“Which is different from your last two jobs how?” Van Zandt pointed out. “Come on, John, now you’re just being difficult.”
“Why us?” Brannigan asked, after taking a deep breath. He really didn’t want to go into Mexico. He knew too much about the horror-show that was the Mexican narco-war. Khadarkh had been a simple in-and-out, on a tiny island, no less. Burma had been different, but for all the atrocities happening in Burma—some of which his crew of mercenaries, the self-styled “Brannigan’s Blackhearts,” had witnessed first-hand—Mexico was an entirely different scale. It had beaten out the Syrian Civil War for body count.
“The same reason I came to you for the Burma job,” Van Zandt said coolly. “You’re deniable. Which, I might add, is a huge selling point for Contralmirante Huerta right now, as well.”
“Who’s Huerta?” Brannigan asked.
“He’s the commander of the Mexican Marines who tried to retake the oil platform where our mysterious terrorists took their hostages,” Chavez said. “He lost most of a company in a few minutes, has been getting stonewalled by Mexico City, and wants payback.”
“So he’ll cover for us?”
“He’s assured me that he will,” Van Zandt said. “He’s under strict orders that no US military forces, including DEVGRU or Delta—who are about the only ones who could handle this otherwise; we don’t exactly have a MEU in the vicinity—are to be called upon. The platform is technically in Mexican waters, and therefore it is a Mexican affair. They don’t want help. Well, the PRI doesn’t want help. Huerta does.”
“And if he sells us down the river as soon as the job’s done?” Brannigan asked quietly.
Van Zandt shook his head. “It’s a possibility, but I’ve talked to the man. I think he’s on the level. And I made it clear that if anything goes wrong that he might have prevented, recordings of all our conversations would somehow reach the President.”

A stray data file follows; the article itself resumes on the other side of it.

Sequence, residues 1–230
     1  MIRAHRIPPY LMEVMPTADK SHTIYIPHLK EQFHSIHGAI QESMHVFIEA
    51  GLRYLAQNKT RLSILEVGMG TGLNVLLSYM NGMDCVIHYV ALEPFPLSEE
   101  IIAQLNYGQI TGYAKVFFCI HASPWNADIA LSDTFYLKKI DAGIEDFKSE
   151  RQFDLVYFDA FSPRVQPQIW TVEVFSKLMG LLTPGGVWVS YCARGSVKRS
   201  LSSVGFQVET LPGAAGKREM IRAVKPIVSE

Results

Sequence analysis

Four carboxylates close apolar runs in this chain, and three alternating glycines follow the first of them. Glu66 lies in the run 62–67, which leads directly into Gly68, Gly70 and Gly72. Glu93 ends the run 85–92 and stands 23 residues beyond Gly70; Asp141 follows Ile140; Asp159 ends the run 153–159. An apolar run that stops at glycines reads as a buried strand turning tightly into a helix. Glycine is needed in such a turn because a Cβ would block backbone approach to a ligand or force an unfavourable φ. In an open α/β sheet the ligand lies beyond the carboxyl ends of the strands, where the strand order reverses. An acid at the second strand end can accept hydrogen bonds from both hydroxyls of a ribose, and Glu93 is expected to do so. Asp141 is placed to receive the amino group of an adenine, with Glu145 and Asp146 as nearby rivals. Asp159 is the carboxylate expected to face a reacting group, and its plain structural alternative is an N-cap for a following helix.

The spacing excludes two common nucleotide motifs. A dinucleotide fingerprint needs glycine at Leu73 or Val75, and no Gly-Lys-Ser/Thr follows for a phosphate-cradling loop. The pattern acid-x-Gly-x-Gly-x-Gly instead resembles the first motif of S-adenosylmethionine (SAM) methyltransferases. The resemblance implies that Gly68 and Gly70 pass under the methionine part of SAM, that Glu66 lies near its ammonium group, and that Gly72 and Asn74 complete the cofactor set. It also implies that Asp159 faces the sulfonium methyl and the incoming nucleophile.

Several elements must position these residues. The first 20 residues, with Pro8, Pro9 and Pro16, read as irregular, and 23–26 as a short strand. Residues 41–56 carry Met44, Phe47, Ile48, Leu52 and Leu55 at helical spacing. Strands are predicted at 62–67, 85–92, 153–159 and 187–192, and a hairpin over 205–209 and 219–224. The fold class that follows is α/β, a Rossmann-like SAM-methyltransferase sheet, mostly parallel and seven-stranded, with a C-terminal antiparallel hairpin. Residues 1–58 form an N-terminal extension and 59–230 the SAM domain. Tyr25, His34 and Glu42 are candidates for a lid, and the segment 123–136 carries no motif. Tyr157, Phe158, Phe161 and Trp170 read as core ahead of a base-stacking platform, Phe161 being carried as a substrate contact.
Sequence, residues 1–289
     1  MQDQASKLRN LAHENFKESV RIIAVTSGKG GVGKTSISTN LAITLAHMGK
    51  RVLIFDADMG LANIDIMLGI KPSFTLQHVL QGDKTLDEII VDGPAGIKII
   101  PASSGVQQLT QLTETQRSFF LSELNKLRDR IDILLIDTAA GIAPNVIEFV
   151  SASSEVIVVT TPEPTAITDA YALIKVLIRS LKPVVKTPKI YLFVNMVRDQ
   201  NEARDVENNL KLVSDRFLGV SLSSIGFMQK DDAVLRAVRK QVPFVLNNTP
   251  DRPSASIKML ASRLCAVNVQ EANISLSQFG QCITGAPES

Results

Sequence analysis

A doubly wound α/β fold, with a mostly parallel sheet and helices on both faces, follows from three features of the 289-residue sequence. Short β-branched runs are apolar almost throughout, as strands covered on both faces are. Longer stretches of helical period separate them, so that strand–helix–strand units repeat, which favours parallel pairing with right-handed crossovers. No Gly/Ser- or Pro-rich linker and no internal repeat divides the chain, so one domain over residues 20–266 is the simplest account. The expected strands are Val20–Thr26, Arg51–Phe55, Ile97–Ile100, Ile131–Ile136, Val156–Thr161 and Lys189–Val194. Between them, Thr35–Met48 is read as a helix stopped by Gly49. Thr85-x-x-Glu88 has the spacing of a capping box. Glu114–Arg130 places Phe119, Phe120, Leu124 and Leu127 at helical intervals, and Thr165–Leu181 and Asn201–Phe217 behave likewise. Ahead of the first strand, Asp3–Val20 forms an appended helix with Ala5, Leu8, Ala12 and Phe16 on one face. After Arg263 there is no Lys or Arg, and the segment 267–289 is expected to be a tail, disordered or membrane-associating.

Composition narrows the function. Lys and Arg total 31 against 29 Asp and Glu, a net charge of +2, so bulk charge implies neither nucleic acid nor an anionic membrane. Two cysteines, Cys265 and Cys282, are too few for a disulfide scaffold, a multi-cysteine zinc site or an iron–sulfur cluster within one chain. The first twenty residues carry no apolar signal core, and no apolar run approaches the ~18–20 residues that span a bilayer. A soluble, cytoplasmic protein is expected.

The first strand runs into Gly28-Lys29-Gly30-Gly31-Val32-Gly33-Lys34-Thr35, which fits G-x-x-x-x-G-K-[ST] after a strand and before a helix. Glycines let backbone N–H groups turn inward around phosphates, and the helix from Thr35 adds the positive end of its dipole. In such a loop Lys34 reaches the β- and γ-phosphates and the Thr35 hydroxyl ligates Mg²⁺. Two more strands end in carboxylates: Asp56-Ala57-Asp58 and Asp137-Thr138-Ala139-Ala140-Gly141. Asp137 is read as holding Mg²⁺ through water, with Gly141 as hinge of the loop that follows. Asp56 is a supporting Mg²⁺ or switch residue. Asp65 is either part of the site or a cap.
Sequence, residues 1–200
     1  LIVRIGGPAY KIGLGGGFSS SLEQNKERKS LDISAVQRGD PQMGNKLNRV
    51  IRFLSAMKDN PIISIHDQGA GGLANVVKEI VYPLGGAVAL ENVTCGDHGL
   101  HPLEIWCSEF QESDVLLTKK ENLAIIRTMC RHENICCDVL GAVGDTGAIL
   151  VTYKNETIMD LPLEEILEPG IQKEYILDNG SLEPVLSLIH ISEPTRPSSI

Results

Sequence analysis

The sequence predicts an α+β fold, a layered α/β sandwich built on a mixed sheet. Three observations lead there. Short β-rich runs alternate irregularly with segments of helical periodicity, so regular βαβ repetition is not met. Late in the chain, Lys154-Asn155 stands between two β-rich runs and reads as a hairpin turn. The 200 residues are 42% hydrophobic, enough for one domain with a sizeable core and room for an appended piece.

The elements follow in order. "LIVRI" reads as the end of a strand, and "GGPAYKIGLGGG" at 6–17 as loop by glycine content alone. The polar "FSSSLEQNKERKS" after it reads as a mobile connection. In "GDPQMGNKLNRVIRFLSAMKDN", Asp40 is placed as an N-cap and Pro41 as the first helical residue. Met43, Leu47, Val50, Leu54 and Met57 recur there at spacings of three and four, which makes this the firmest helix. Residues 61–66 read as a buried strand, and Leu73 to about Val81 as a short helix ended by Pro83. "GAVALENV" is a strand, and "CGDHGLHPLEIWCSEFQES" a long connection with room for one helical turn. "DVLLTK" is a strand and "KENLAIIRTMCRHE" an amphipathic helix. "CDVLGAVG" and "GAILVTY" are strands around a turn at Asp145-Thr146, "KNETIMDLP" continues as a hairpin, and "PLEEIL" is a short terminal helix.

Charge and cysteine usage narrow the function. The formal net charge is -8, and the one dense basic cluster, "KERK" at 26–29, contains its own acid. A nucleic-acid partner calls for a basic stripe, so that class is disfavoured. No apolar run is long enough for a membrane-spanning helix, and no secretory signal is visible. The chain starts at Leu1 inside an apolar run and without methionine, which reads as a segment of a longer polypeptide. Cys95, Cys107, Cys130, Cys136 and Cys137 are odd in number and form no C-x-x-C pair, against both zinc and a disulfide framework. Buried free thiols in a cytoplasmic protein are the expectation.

Brannigan nodded. “I expect that’s a pretty good deterrent, all things considered.”
“It should be,” Chavez said. “The PRI’s so damned corrupt, they might not even bother to put him on trial. At least not before they’ve disappeared his entire family.”
Brannigan looked down at the table, frowning. It was true enough that he’d already started feeling the itch for another mission, another fight. And his Blackhearts were the kind of mercenaries who went into impossible situations and managed to kill their way out. They’d done it twice already, and Van Zandt wouldn’t even have considered them for the job if it had been anything else.
But he couldn’t shake the bad feeling that Mexico gave him. He’d been there, many years before, before the narco wars really kicked off and the corpses started piling up. He’d liked the country then. But he’d watched as the violence, corruption, and increasingly brutal and sadistic killing had spread even to the tourist safe havens of the country. Going into Mexico struck him as the equivalent to marching into a Hieronymus Bosch painting.